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The Art of inner Wall Sampling I

 

INNER WALL SAMPLING FOR MOLD SPORES  Parts I of IV.

The following is the first of four articles on the importance of inner wall sampling. This first article expounds on just a few of the drawbacks of air sampling from room air, the final three article installments expounds on the importance of inner wall sampling. Sure, it be helpful for an inspector to sample the air for microscopic spores for several reasons:

1) It is an industry standard.
2) It gives the inspector information on the types and levels of spores in that area of the property for that moment of time when the sample was being taken.
3) It gives the inspector information on the presence or absence of hydrophylic mold spores; these are mold spores that indicated water damage because they require more water for growth than other molds.
4) It lets the client know if toxigenic molds are present in the air being sampled, often this is a major concern of the client.

However, when the report comes back from the lab and shows elevated spore levels, or water indicator spores, or toxic mold spores the inspector who sampled the air will often have no idea of where the mold that produced the spores was hidden If the mold was hidden. If sampling your air for mold spores cannot give clear information on where the mold spores originated, then no clear meaningful advice can be given by the investigator regarding the following questions:

Where the mold was growing?

Why it was growing?

And most importantly, what specific root defects in the building need to be addressed to keep it from coming back after it has been removed? That is right, blindly taking air samples for the sake of taking air samples is very common, but it does not answer the above questions; it typically leaves us to ask more questions than it answers.

Air sampling alone is not adequate, and all inspectors, inspection clients, and Realtors trying to sell moldy properties eventually come to realize that sampling for spores alone gives limited helpful information and creates more questions than it answers.
Even sampling near a wall that has mold in it may not prove effective. Sampling the room air near a wall with mold trapped in it will often not give any indication of the true extent of the problem hidden in that wall. It may not even pick up any unusual spore conditions at all if the spores are trapped in the wall.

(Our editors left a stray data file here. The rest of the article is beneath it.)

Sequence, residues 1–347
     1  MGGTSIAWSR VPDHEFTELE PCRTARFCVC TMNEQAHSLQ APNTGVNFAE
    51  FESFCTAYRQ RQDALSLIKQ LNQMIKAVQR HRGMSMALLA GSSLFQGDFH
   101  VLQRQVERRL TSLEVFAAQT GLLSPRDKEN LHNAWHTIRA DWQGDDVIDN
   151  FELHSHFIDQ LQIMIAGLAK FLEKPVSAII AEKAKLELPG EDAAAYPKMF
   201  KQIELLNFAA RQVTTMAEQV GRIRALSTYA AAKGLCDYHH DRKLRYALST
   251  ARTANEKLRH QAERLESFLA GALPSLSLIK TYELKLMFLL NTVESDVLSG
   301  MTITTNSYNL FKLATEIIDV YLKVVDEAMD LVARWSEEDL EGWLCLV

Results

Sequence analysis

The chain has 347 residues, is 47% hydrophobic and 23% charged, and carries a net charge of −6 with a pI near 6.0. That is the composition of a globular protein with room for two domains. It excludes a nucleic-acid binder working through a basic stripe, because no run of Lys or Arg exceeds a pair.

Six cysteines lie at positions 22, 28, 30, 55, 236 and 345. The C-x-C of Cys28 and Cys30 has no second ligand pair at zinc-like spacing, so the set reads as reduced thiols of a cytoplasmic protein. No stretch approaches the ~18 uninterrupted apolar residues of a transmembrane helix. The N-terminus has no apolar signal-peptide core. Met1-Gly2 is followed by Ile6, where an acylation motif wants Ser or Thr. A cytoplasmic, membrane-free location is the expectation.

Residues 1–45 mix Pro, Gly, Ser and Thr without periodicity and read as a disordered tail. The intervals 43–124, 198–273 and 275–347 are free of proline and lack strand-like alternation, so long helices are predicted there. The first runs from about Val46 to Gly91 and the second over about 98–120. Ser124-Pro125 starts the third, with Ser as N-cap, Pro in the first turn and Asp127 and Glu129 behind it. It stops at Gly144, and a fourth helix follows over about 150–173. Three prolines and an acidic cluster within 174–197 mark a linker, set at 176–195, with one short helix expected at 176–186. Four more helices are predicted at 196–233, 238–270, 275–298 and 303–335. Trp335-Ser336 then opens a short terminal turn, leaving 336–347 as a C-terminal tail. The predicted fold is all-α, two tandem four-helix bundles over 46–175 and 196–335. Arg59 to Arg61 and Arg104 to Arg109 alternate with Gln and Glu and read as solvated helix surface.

Many Realtors have had to ask their home inspector, doubling as a mold inspector, these questions:

1) Your lab report says we have mold spores, but where did they come from?
2) If we filter the spores out of the air but do not get the mold growth that created the spores, then will the mold growth produce new spores once we finish filtering the air and turn our backs?
3) OK, so we have mold spores in the air, more than the outdoor air; what room should the drywall be removed from? It is growing in a wall, right?
4) My buyer backed out of the deal and the seller has to fix a mold problem before he puts the home back on the market. How can the seller fix the problem if the report the home inspector gave me does not even tell me why my seller has a mold problem, or what part of the house it is coming from?

In order to raise fewer questions and answer more questions, mold inspectors should not just blindly sample the air as they often do, but they should also engage in three additional activities often overlooked:

1) The first step is to interview the client about the property's history as it relates to moisture, mold, humidity, and health issues that appear to be related to time spent in the property.
2) Second, perform a detailed, time-consuming visual mold inspection focusing on often overlooked visible evidence of mold, moisture, and humidity issues. Many home inspectors and even mold inspectors are not qualified and experienced to do such true mold inspection that can take 2 or 3 hours, just like a traditional pre-purchase home inspection.
3) Third, if hidden mold is suspected in a water-damaged wall, then sampling inside that wall is a logical step.
Information on mold inspection methods and client interviews can be found on other areas of this website, so click here to see more details on the importance of inner wall air sampling for mold spores.